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Open Access

The sepsis syndromes in the emergency department

  • N Shapiro1
Critical Care20048(Suppl 1):P280

Published: 15 March 2004


Emergency DepartmentSeptic ShockSevere SepsisSystemic Inflammatory Response SyndromeEmergency Department Patient


The ACCP/SCCM established uniform criteria for defining the sepsis syndromes: systemic inflammatory response syndrome (SIRS), sepsis, severe sepsis, and septic shock. Subsequent studies showed increasing mortality with each successive syndrome. The utility of these definitions and mortality rates are not known for an emergency department (ED) population. Furthermore, the mortality rates at 1 year have not been previously reported.

Null hypothesis

The sepsis syndrome definitions will predict increasing mortality with each syndrome for both 28-day inhospital mortality and 1-year mortality.


A prospective, cohort study of consecutive adult patients (age > 18 years) at risk for infection (indicated by physician ordering a blood culture) in the ED of an urban university hospital. The study period was 1 February 2000–1 February 2001. ED charts were prospectively reviewed. The following definitions were applied: SIRS/sepsis, the presence of two or more of hypothermia (T< 36°C) or hyperthermia (T > 38°C), tachycardia (> 90 beats/min), tachypnnea (> 20 breaths/min) or hypoxia (pox < 90%), and leukocytosis (> 12,000) or bandemia (> 10%); severe sepsis, sepsis plus organ dysfunction; septic shock, sepsis plus hypotension (systolic blood pressure < 90) after a 10–20 cm3/kg fluid challenge. The outcomes were 28-day inhospital mortality and 1-year mortality. The 95% confidence interval [CI] was calculated where appropriate, and Duncan's Multiple Range Test for comparison of mortality rates between groups (alpha = 0.05).


Of 3926 eligible patients, 3763 (97%) were enrolled in the study. The overall 28-day inhospital mortality rate was 4.6%, and the 1-year mortality was 24% for all patients. Of these, 1850 (49%) had no SIRS criteria with 2.6% (95% CI = 1.9–3.3%) 28-day mortality, 715 (19%) patients had SIRS/sepsis with 1.8% (0.8–2.8%) 28-day mortality, 1144 (30%) had severe sepsis with 8.5% (6.9–10%) 28-day mortality, and 54 patients had septic shock with 28% (16–40%) 28-day mortality. The 1-year mortality rates were: no SIRS = 21% (19–23%), SIRS/sepsis = 11% (8–13%), severe sepsis = 36% (33–39%), and septic shock = 57% (44–71%). Duncan's test showed no difference between the no SIRS and SIRS/sepsis groups for either 28-day inhospital mortality or 1-year mortality. The severe sepsis group and septic shock group had a sequential increase in both mortality outcomes that were significantly higher than each group (P < 0.05).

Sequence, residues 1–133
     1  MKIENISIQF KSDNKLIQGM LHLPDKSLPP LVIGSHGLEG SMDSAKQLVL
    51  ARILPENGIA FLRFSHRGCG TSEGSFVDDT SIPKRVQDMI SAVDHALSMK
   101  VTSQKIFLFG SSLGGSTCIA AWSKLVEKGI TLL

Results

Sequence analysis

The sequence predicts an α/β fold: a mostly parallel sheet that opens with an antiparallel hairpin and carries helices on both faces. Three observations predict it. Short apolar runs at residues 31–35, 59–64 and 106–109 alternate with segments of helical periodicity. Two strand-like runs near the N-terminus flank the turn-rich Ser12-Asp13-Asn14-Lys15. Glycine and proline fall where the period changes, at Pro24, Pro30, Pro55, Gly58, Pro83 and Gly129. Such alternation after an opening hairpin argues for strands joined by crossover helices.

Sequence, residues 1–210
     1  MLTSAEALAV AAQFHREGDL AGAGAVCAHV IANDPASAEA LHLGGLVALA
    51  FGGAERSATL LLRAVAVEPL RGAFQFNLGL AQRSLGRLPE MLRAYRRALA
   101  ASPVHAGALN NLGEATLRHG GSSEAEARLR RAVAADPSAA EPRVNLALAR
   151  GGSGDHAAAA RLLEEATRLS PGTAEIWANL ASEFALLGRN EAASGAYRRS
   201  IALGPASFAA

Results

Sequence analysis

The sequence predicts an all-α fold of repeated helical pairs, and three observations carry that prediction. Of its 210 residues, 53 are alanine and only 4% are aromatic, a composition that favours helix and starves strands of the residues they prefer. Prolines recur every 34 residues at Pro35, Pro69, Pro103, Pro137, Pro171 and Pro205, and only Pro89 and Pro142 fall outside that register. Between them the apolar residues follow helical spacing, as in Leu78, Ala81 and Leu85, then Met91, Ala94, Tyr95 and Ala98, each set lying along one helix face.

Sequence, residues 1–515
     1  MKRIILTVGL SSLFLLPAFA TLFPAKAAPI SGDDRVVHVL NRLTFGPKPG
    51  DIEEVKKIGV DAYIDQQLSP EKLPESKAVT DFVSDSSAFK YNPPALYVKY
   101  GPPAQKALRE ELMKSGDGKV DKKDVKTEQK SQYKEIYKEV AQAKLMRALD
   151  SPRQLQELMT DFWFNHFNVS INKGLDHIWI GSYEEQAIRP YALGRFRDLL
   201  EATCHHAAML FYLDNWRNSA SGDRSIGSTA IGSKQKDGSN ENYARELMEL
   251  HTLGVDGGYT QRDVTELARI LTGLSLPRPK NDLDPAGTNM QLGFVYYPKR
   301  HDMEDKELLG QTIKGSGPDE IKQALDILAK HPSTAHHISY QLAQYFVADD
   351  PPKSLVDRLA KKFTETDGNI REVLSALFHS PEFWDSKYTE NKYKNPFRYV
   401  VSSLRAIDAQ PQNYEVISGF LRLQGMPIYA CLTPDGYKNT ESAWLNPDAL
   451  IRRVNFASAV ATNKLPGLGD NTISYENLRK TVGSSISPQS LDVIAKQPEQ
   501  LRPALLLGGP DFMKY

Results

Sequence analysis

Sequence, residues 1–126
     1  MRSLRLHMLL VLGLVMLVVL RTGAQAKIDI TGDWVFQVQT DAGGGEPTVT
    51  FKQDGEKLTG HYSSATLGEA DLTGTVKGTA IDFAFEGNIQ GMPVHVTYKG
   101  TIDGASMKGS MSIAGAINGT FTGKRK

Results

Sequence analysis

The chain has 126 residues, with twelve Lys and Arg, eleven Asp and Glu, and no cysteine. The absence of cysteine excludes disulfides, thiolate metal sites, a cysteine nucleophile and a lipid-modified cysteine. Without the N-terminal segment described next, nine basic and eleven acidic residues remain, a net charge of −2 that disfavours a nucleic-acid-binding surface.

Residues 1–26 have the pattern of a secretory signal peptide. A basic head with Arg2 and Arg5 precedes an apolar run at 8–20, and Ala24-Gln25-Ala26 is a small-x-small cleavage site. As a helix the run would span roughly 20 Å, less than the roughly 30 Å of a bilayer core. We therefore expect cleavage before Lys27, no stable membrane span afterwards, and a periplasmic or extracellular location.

In ED patients at risk for infection, patients with severe sepsis, and septic shock are at increasing risk of short-term and long-term mortality, while patients with SIRS/sepsis did not demonstrate significantly higher mortality rates than the no SIRS group. The mortality rates in this ED population were lower than those reported in previous ICU populations.

Authors’ Affiliations

Beth Israel Deaconess Medical Center, Boston, USA


© BioMed Central Ltd. 2004